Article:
Although mandatory routine testing has been shown to be of low yield, expensive, and time consuming, one recent survey found that such testing was required of 35% of a sample of emergency physicians randomly selected through ACEP membership rolls. Of those required to perform routine testing, 16% were required by ED protocol and 84% by the psychiatric service or referral institute. The most commonly required tests were serum alcohol and urine toxicology, each of which was required approximately 85% of the time when any testing at all was demanded.3

Routine drug and alcohol testing on patients with behavioral problems has been considered appropriate in the distant past due to the assumption that these patients would be reluctant to admit drug or alcohol abuse. One study of male patients at an urban walk-in clinic revealed that 39% had positive urine tests for cocaine, even though 72% of them denied recent cocaine use.49 In another study of emergency patients, only 7% of patients with positive drug screens reported substance abuse. The authors recommended drug screening as a more effective way for detecting substance abuse.50 However, more recently, it has been noted that patient self-reporting was quite accurate regarding drug and ethanol use. Self-reporting had a 92% sensitivity and 94% negative predictive value for identifying those with a positive drug screen and a 96% sensitivity and 98% negative predictive value for identifying those with a positive ethanol level.23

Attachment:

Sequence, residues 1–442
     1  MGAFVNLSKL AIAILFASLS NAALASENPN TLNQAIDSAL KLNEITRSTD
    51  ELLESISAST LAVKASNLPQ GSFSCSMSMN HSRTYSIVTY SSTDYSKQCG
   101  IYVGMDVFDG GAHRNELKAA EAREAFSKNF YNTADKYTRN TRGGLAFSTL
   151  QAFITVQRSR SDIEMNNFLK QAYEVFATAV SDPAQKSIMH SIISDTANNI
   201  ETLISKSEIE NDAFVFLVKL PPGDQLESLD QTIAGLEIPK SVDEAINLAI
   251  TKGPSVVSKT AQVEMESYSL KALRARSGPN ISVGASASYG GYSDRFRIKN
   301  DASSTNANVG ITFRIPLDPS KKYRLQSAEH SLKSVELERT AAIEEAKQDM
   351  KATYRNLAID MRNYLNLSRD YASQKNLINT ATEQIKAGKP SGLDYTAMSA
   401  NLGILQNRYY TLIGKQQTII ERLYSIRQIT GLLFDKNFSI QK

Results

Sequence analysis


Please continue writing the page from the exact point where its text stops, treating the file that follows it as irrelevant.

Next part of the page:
A study by Shihabuddin and colleagues showed that out of 875 pediatric patients (age 0-20 years) who had a urine drug screen, 547 (62.5%) had presented for psychiatric evaluation, 182 (20.8%) had at least one positive result, and 115 (13.1%) had a documented history of illicit drug use. All of the patients in this study were medically cleared and there was no change in medical management.51 Similar results were seen in a recent study by Fortu. Of 652 charts reviewed, 267 urine toxicology screens were determined to be medically indicated, and 385 were routine-driven. Of the routine-driven toxicology screens, 95% of patients had negative screens, there was no influence on management and no significant difference in the disposition between those with positive and negative screens. In addition, testing was shown to potentially increase both ED cost and time. It was concluded that "patients with straightforward psychiatric complaints may be medically cleared without a urine toxicology screen."52